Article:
Author Interview: Cathy Cassidy

Cathy Cassidy, the Young Adult and children’s author, kindly agreed to answer some of my questions. Here are her responses:

What were some of your favourite books when you were a child?

What Katy Did by Susan Coolidge; The Lion, the Witch and the Wardrobe by C.S. Lewis; Swallows and Amazons by Arthur Ransome and Little House on the Prairie by Laura Ingalls Wilder.

Which of your books was the most difficult to write? Why?

The first (Dizzy) – because it took decades to crack the knack of writing a full-length book.

Which of your characters is most like you?

Miss Quinn, the art teacher from Driftwood, according to my friends! I am most like the quieter / shy / dreamy characters I guess.

How do you write your books? Do you plot and plan in detail, or do you develop an idea as you are writing?

I daydream, using an idea or inspiration as a starting point, and if I am lucky a story unravels. I don’t plot on paper – for me, this kills the story dead!

Where do you write your books?

I have a Macbook Air laptop so I might write in my writing shed, in the garden, or at the kitchen table!

Why do enjoy writing for children?

I get to see life through the eyes of my characters and share their adventures; I get paid to daydream; and I’m doing a job I love!

What advice would you give to young writers to help them to improve their stories?

My top tips for writers are on the Writer’s Workshop page on my website (see below), but most important of all is to believe in yourself – and WRITE!

Many thanks to Cathy for taking the time to contribute to The Book Base. If you haven’t already done so, check out her great website.

If you enjoyed this short author interview, have a look at more of our Q&As with writers.

Author Interview: William Nicholson

I was absolutely thrilled that William Nicholson, the British screenwriter, playwright and novelist agreed to answer some of my questions. William Nicholson wrote the screenplays for the movies Gladiator and Shadowlands, and he also penned the fantastic Wind on Fire trilogy (The Wind Singer, Slaves of the Mastery and Firesong).

Here are his responses:

What were some of your favourite books when you were a child?

The Just William books and The Beano comic.

Which of your books was the most difficult to write? Why?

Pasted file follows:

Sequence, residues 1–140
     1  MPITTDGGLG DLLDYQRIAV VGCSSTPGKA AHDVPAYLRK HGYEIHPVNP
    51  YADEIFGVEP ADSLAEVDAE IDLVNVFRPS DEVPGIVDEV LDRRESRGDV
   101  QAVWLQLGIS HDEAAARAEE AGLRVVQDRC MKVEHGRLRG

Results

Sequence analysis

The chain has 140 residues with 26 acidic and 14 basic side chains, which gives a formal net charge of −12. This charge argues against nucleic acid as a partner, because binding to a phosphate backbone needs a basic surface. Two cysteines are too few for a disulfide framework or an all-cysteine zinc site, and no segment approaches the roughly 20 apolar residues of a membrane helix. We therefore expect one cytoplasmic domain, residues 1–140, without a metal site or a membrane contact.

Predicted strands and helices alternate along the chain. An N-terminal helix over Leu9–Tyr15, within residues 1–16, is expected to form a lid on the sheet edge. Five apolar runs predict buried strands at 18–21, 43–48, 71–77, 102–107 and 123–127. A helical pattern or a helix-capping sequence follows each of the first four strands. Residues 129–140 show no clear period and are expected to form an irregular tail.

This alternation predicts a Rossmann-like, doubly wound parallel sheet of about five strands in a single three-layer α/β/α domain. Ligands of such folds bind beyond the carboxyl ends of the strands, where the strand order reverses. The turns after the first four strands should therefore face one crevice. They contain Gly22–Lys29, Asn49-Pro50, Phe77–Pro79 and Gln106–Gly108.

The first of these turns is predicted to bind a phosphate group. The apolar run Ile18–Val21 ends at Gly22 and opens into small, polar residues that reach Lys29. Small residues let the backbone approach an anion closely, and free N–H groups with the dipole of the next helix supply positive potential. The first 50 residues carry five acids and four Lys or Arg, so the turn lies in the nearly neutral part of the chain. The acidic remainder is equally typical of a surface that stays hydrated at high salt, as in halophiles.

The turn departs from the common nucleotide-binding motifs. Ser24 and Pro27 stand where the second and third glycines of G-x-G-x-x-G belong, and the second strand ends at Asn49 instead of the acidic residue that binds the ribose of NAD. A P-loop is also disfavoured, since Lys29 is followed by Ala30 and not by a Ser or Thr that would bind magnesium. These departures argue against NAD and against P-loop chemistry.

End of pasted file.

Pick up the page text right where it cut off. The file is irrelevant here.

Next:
Probably Rich and Mad because it’s a little controversial in its contents, and I wanted to get it right. (It’s for older kids.)

Which of your characters is most like you?

Kestrel and Bowman (from the Wind on Fire trilogy) when put together add up to me.

How do you write your books? Do you plot and plan in detail, or do you develop an idea as you are writing?

I do make detailed plans, but the plans change as I proceed. Usually I have the ending clear in my mind before I start, and that very rarely changes. But when writing The Wind Singer, I had no idea there’d be two more books.

Where do you write your books?

In a converted garage, which is my study or office, a few yards behind my house in Sussex.

Why do you enjoy writing for children?

It allows me to play games with my imagination.

What advice would you give to young writers to help them to improve their stories?

Your characters matter more than your plot. Think hard about them – what they want, what their odd habits are, how they talk. If necessary copy someone you know. If your characters have life, your story will live.

Thanks so much to William Nicholson for contributing to The Book Base.

If you enjoyed this interview, you should check out William’s fantastic website.

Author Interview: Chris Priestley

Chris Priestley, author of The Dead of Winter and Mister Creecher, answered some of my questions about his writing habits and favourite books.

Here are his responses:

What were some of your favourite books when you were a child?

I loved anything to do with Greek myths. The Lion, the Witch and the Wardrobe by C. S. Lewis stands out. And I loved historical fiction – especially Rosemary Sutcliff, Henry Treece and Leon Garfield.

Which of your books was the most difficult to write? Why?

They all have their own challenges. The Dead of Winter was tricky I think because I had been writing short stories and a novel is very different.

Which of your characters is most like you?

All writing is autobiography to a lesser or greater degree – even when it doesn’t seem like it. All of my characters are formed from my imagination – but none are really like me.

How do you write your books? Do you plot and plan in detail, or do you develop an idea as you are writing?

A bit of both – I have a plot and plan because I have to show a synopsis. But I feel no obligation to stick to anything but the main thrust of it.

Where do you write your books?

Either in my office in my home or in my studio – a place I rent across town from where I live.

Why do you enjoy writing for children and teenagers?

Because they are such enthusiasts. I know that’s not the caricature of teenagers – but if they like what you do they are incredibly positive and loyal.

What advice would you give to young writers to help them to improve their stories?

Give yourself a decent start and plan where you are going. You don’t have to stick to it – but it will make your life easier and it will mean that you will be less likely to give up.

Many thanks to Chris for contributing to our Author Interview series.

Make sure you check out his blog.